In 1995, the famous Grant v. Canada case sought to ban the wearing of religious signs such as the turban as part of the RCMP uniform. The court held that the turban does not affect or infringe upon those who do not wear one and that “the only action demanded from the member of the public is to observe the officer’s religious affiliation.”

In an interview, Bakht said the courts have consistently affirmed that freedom of religion is essentially about “being able to live your life, wearing your symbol and practising your faith without fear of any kind of repercussions.”

In a 2004 case called Syndicat Nothcrest v. Amselem, the Supreme Court ruled that condominium bylaws which prevented orthodox Jews from setting up “succahs” or temporary dwellings on their balconies for a religious holiday, violated the guarantee of freedom of religion under section 3 of Quebec’s Charter of Human Rights and Freedoms.

A more recent case is R v. N.S, a case about a Muslim Canadian woman who was given the right to keep her face veil on, also known as “niqab,” while testifying in court. In 2012, the Supreme Court of Canada ruled that a woman cannot be denied the right to cover her face in a court room trial, but that its use will have to be determined on a case-by-case basis. The Court stated that “the Canadian approach in the last 60 years to potential conflicts between freedom of religion and other values has been to respect the individual’s religious belief and accommodate it if at all possible.”

At the panel, Bakht said religious accommodation cases emphasize the importance of evidence when it comes to limiting religious rights.

“These cases function as a true statement to our traditions and values including an emphasis on sufficiency of proof when the state attempts to infringe on the rights and freedoms of minorities, and an assumption that religious accommodation has significant social value,” she said.

Since its implementation in 1975, the Quebec Charter has guaranteed Quebec citizens the fundamental freedom of religion, which is emphasized in several of the province’s religious cases. Quebec’s Human Rights Commission has opposed their government’s proposal, with its chairman, Jacques Fremont, calling it “the most radical proposal modifying the Charter since its adoption.” Legal experts believe the Quebec courts will also see the proposal as a violation to their values.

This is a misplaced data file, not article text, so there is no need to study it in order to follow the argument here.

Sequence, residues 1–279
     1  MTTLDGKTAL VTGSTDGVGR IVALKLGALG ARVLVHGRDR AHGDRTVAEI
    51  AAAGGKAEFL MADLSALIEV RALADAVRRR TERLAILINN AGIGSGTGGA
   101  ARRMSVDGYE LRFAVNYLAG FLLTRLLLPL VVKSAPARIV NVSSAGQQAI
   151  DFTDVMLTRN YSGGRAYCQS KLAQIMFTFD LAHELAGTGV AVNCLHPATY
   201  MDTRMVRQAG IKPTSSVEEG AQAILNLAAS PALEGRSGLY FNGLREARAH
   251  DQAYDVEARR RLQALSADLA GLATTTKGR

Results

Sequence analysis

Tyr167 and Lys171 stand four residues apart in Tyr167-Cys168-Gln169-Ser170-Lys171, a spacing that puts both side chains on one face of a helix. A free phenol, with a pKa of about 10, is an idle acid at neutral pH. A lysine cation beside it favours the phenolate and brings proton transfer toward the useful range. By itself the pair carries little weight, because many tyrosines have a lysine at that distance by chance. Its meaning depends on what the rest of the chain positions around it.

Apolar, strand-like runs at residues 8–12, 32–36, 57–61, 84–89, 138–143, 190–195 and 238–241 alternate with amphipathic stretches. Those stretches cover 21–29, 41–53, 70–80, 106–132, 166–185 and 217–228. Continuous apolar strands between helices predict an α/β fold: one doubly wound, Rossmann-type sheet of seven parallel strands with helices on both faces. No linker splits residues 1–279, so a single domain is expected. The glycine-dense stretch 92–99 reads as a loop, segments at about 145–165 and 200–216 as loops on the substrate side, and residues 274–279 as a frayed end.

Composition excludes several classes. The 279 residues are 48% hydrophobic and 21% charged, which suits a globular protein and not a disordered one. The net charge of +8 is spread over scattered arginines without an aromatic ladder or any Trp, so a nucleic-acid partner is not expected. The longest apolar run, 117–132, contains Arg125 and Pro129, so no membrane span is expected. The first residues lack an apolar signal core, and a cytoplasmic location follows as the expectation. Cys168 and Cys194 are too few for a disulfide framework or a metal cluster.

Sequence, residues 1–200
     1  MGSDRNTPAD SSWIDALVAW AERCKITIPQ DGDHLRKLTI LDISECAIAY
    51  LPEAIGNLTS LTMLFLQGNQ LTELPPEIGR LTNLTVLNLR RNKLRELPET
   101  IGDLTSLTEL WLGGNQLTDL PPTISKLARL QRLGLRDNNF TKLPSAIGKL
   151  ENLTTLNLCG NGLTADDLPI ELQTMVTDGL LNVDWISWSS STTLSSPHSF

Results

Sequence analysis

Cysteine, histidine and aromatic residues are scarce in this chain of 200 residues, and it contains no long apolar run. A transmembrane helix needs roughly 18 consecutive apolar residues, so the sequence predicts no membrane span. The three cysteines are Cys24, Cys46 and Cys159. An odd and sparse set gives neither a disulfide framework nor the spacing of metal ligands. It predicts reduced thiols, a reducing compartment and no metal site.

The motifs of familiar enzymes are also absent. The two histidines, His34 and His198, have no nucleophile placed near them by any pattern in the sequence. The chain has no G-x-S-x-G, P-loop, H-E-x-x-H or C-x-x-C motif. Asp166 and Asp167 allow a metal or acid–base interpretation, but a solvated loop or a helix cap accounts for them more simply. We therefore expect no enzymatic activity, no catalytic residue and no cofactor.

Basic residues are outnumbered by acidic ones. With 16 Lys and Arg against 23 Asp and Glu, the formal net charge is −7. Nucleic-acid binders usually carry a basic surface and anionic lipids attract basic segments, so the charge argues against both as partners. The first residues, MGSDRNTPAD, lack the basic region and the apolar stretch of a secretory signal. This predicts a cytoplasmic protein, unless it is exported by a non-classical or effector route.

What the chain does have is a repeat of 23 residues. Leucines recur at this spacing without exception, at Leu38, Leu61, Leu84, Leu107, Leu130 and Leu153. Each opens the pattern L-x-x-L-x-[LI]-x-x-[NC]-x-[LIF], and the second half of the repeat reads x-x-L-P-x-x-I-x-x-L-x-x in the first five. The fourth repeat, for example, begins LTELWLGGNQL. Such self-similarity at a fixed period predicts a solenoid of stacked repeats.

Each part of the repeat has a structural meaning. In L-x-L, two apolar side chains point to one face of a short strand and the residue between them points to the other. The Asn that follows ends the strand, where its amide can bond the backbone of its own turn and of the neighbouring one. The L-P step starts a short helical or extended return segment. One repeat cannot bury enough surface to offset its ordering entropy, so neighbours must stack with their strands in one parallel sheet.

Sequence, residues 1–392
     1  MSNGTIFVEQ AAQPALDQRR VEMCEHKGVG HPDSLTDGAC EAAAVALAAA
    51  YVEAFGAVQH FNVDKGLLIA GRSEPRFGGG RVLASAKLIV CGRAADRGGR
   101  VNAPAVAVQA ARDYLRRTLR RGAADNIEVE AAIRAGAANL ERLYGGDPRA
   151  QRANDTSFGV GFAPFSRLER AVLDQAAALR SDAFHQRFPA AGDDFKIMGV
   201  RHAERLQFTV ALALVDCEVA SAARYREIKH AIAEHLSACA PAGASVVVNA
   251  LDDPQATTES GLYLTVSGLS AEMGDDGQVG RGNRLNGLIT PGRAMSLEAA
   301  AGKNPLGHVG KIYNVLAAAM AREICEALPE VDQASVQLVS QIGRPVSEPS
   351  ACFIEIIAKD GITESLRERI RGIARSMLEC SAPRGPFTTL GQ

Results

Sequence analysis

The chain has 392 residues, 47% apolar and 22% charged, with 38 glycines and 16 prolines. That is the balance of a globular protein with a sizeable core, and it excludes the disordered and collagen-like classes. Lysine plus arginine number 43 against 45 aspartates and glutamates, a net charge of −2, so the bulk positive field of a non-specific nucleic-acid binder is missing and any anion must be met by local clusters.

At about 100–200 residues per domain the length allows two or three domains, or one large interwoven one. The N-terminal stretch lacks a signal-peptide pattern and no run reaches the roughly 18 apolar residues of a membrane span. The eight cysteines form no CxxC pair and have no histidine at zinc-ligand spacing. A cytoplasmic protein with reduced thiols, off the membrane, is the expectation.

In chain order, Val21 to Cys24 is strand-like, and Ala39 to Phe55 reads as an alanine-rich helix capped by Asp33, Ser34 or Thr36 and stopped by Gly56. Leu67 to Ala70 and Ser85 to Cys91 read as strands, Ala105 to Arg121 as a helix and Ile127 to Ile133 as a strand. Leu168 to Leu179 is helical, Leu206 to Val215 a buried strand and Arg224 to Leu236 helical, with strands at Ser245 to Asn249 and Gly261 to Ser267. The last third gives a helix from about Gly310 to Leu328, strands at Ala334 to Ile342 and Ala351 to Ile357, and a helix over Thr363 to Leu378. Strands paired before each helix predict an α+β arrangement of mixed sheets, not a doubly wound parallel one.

“When you look at the Quebec Charter of Human Rights and Freedoms as it currently stands, I think that is the best document for determining what Quebec’s values are,” said Bakht. “I think that the Quebec courts are going to say this proposed charter of values is in violation of our document.”

Quebec’s Court of Appeal recently allowed Saguenay Mayor Jean Tremblay to continue praying before council meetings and a crucifix to remain hanging in the chambers, after an atheist citizen claimed that the crucifix and the prayers infringed on his freedom of conscience. The Court said that the case “…brings to the fore the difficult and delicate question of the state’s religious neutrality” and that neutrality does not mean “that society be cleansed of all denominational reality.”

The alleged “neutrality” of the proposed charter of values is also being questioned, considering the crucifix will continue hanging in the National Assembly, which is viewed as a conspicuous symbol.

“If the real concern here is appearances of partiality towards one religious group or another, it makes no sense to me that a large conspicuous symbol will still hang in the place where laws are debated and passed,” said Zwibel.

If the reason behind the proposed charter of values is intolerance of religion or religious minorities, Bakht said it would “undoubtedly” violate both the Canadian Charter and the Quebec Charter.

“This proposal is going to taint Quebec,” said Bakht.

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Speak is an online magazine that publishes and discusses rights media pieces. Rights Media is the process of writing, collecting, editing, producing and distributing media that creates societal dialogue on human rights issues. Speak magazine mainstreams human rights issues through, progressive, balanced and objective reporting into everyday news stories.